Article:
Even though many of us know the health risks of consuming too much alcohol, smoking cigarettes, or indulging in foods that are considered bad for us, sometimes such knowledge doesn’t have an impact on a person’s perspective. Now, what if we were to tell you that embracing all three habits could cost you millions of dollars down the road? Would that make you change your ways?
According to a study commissioned by the Canadian Men’s Health Foundation (CMHF), men who like to drink, puff and eat poorly could essentially be throwing money out the window.
To get to this determination, the CMHF enlisted the services of researchers at H. Krueger & Associates. After collecting population data from across Canada – as well as information regarding the pricing of alcohol, cigarettes and insurance premiums – the firm came to some intriguing conclusions.
For the sake of this study – and to certainly drive some major points home – three prototypes were created: Low-Risk Joe, Medium-Risk Joe and High-Risk Joe.
High-Risk Joe is viewed as someone who is six-feet tall, 331lbs, has a BMI of 45 and goes through 40 cigarettes and five alcoholic beverages per day. This fella could save $1.1 million in his lifetime by giving up those bad habits and subsequently avoid the high life insurance premiums that come along with such behaviour. What’s even more interesting is that curbing this behaviour could theoretically cost this type of person $8.6 million.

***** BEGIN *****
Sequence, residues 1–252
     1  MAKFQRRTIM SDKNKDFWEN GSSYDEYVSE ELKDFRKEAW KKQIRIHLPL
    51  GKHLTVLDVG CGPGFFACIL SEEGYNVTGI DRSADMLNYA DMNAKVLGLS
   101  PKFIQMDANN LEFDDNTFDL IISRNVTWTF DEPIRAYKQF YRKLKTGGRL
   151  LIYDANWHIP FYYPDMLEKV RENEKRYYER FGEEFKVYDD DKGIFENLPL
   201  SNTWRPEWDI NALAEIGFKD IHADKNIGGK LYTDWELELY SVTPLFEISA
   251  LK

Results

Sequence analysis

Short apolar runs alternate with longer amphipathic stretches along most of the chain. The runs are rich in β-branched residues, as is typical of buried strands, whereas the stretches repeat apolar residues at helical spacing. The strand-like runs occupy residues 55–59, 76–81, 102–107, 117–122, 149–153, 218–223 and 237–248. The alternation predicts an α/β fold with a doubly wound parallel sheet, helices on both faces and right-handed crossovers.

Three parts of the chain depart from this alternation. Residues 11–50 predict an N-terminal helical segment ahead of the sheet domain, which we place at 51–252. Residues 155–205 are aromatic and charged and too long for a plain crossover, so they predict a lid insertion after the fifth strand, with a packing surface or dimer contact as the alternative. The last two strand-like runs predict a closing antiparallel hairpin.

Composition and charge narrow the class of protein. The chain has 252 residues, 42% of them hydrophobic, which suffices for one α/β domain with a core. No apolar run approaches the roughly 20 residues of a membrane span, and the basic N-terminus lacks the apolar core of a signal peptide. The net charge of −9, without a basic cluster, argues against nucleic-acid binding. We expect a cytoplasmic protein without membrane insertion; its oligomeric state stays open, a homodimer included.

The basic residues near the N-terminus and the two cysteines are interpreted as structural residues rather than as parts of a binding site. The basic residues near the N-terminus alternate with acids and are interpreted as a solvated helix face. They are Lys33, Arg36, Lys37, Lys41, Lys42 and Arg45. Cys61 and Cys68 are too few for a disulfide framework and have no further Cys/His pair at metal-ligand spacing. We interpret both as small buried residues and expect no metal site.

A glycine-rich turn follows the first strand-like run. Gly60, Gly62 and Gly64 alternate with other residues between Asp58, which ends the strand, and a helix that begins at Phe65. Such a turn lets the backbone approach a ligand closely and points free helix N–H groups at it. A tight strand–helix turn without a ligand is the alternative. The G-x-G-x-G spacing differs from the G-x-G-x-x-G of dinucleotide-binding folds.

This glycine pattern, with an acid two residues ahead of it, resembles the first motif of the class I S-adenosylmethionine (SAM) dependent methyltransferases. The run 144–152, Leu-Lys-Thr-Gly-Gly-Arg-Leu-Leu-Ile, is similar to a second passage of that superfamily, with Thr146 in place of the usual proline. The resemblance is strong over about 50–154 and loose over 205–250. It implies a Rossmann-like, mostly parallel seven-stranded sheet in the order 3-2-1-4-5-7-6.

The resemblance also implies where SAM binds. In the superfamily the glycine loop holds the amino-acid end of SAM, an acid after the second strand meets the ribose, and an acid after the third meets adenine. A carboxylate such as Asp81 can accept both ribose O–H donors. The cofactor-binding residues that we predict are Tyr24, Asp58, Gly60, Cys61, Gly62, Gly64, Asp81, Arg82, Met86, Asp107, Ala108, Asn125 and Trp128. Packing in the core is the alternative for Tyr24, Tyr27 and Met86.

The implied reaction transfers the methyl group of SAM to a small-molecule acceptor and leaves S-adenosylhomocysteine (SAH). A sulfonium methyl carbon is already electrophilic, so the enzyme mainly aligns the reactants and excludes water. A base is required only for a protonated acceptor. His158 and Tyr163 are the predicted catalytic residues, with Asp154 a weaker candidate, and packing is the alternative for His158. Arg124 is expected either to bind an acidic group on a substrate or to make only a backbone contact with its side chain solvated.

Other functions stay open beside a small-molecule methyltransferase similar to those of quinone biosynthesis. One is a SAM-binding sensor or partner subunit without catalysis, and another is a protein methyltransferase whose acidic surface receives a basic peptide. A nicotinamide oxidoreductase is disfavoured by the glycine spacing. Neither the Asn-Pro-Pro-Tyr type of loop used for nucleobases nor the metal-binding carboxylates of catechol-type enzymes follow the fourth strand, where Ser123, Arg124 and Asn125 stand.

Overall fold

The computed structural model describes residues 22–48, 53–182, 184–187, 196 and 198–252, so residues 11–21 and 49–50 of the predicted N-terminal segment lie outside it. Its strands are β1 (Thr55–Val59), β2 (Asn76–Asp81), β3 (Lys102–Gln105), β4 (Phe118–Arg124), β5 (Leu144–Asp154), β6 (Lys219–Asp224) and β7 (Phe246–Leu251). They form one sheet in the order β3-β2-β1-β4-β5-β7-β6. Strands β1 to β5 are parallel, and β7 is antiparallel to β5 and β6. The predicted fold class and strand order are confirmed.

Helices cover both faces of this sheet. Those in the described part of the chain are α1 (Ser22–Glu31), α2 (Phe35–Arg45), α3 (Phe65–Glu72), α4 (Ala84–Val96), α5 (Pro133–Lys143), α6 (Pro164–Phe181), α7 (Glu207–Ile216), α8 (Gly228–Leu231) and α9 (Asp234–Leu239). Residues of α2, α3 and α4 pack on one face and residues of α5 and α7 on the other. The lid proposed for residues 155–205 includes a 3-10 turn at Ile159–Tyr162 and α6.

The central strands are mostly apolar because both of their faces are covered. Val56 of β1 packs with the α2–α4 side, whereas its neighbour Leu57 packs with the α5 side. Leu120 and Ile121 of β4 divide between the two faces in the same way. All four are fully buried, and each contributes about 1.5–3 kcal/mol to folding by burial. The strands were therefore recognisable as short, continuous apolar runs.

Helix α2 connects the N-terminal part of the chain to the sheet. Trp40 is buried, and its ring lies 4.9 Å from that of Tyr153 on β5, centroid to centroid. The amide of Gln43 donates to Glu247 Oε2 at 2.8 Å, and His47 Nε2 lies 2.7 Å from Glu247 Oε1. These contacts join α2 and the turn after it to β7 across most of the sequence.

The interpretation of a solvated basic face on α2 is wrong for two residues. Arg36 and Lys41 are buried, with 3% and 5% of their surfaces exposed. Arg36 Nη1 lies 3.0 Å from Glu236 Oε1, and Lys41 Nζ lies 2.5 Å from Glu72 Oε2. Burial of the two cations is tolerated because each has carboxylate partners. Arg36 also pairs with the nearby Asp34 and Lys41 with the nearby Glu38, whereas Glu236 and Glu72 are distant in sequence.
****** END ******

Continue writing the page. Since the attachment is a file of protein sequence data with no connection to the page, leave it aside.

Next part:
How’s that possible, you ask?
Well, researchers note that if High-Risk Joe avoided spending obscene amounts of money on these bad habits and instead invested his money wisely between the ages of 30 and 75, he could’ve potentially earned $8.6 million.
For comparisons sake, Medium-Risk Joe (six-feet tall, 295lbs, BMI of 40) along with his 20 cigarettes and three alcoholic beverages a day routine, could’ve saved $628,000 throughout his lifetime, with an investment potential of $3.2 million.
As for Low-Risk Joe (six-feet tall, 258lbs, BMI of 35), who smokes five cigarettes a day and drinks one alcoholic beverage, he could’ve put aside an extra $275,000 in savings and potentially earned $1.7 million had he invested wisely.
Money sure doesn’t grow on trees, but it can grow elsewhere if you’re willing to think very carefully about what you put into your body.